There's a lot of myths going around about the homeless. Very often these myths are told by someone without any or with just a little knowledge about the homeless people and their life. Here's some of the myths:

Myth: They want to be homeless.

Fact: Some of them yes, but less than 6% of the homeless are homeless by their own choice. I spoke to a man who told me he used to live in Scotland, and that he had a house of his own, a TV, a VCR and so on, but after a concert in London about a year ago, he decided to stay in Brighton to try "the homeless life". Now he tried to earn money, so he could get home to Scotland again.

Myth: They are heavy drug users and mentally ill.

Fact: About 25% of the homeless are emotionally disturbed, but that has a lot to do with that many of them has suffered from child abuse or violence. About 25% uses drugs, but many of them are included in them who suffers from mental illness.

Myth: They don't work.

Fact: 25% of the homeless work full- or part- time. The problem is that people earning a minimum wage doesn't earn enough to support a family of three or rent an apartment in the inner-city. There's also many of the homeless people who aren't able to work and there's many reasons why.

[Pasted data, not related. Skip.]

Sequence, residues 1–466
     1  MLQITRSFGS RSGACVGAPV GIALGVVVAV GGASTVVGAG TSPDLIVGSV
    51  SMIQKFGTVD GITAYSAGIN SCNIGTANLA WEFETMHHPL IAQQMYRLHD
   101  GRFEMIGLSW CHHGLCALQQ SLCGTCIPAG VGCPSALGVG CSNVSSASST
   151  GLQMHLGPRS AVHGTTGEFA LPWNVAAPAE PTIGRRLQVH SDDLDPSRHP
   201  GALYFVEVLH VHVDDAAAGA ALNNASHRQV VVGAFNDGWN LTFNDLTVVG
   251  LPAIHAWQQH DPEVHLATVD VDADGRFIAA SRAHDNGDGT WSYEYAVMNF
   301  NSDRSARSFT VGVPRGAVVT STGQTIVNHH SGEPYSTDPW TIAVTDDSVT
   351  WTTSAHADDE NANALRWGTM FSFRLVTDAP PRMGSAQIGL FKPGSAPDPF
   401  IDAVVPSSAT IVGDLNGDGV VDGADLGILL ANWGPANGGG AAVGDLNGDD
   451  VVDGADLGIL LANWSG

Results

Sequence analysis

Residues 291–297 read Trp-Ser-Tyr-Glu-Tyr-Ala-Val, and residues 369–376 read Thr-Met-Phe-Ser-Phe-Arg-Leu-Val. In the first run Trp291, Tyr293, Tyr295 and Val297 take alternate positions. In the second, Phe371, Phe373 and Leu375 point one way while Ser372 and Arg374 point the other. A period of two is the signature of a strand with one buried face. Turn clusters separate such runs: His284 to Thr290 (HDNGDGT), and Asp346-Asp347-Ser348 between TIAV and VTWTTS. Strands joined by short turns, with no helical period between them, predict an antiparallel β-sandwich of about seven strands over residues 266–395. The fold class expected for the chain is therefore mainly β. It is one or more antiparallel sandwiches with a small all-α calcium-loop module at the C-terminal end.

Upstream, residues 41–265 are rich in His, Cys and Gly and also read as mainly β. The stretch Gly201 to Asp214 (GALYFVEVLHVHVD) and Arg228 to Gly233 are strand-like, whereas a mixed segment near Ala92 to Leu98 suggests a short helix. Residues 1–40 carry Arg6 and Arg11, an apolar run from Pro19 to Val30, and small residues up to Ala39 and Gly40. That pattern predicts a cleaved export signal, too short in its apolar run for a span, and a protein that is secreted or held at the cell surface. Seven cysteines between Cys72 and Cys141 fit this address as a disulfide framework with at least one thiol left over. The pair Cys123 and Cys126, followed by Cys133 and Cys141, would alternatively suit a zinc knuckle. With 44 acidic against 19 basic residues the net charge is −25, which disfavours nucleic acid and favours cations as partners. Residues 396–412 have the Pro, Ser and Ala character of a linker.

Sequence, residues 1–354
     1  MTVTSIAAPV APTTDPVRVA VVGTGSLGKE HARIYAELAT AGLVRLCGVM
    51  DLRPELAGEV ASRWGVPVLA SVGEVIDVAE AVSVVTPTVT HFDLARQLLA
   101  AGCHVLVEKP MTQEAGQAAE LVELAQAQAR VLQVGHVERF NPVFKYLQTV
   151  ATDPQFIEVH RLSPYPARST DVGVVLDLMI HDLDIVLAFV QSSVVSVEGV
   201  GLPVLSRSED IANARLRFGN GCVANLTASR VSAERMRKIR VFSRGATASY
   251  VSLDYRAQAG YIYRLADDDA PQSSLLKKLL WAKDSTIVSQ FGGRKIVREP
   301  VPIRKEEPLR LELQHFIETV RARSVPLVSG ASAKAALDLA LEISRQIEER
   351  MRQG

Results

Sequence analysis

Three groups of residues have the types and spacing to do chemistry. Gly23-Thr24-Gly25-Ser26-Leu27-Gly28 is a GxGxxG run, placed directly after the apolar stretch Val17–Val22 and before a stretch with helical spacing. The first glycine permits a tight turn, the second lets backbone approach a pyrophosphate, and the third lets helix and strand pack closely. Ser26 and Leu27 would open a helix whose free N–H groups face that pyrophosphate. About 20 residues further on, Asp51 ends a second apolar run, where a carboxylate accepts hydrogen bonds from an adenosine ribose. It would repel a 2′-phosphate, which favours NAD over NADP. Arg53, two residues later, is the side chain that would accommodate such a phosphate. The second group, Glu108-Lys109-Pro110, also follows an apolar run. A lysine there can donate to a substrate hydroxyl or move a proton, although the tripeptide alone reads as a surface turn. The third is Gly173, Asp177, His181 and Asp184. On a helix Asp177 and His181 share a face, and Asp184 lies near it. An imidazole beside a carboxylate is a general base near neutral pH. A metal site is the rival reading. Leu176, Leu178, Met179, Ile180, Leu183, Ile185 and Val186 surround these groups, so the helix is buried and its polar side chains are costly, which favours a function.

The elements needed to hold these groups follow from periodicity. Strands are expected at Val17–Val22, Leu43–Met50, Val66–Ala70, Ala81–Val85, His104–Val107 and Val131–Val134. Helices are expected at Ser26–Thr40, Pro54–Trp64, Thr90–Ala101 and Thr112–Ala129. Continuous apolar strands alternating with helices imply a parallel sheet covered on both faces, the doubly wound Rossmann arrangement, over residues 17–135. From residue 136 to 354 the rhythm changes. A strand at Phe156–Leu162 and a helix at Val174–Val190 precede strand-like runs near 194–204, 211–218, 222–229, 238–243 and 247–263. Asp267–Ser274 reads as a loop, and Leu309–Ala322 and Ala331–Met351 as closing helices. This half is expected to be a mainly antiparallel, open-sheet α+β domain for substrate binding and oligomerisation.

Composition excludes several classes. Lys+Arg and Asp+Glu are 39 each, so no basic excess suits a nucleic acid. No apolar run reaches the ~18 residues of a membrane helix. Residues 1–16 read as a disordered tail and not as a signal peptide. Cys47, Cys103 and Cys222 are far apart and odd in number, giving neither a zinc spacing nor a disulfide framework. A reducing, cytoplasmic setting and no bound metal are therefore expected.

The homeless in England has their own paper called The Big Issue. They write about things that might interest themselves, but also about homeless people, so that the people buying it can read about the homeless' situation. The homeless people buys the paper for 40p and sell it for 70p, but to earn more money they say they don't have change for a pound.

In The Big Issue I bought I read about a girl who cut herself and walked in the streets with bleeding arms. Nobody seemed to care, she said, or maybe they were afraid...

How to help?

On the internet I found a lot of ways to help the homeless, but some of the things were not least not in my opinion. There was a page called "7 meaningful things you can do to help the homeless":

1. Show the homeless respect.(Talk to them or give them a smile. This helps to break down the sense of worthlessness and isolation that a homeless person easily gets.)